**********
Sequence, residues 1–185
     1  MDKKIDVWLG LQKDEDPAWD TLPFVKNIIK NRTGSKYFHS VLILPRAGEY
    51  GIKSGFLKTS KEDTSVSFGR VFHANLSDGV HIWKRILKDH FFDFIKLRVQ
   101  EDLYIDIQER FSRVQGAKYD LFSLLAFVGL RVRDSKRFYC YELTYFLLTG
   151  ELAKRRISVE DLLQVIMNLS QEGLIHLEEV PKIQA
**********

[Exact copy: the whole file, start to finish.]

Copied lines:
Sequence, residues 1–185
     1  MDKKIDVWLG LQKDEDPAWD TLPFVKNIIK NRTGSKYFHS VLILPRAGEY
    51  GIKSGFLKTS KEDTSVSFGR VFHANLSDGV HIWKRILKDH FFDFIKLRVQ
   101  EDLYIDIQER FSRVQGAKYD LFSLLAFVGL RVRDSKRFYC YELTYFLLTG
   151  ELAKRRISVE DLLQVIMNLS QEGLIHLEEV PKIQA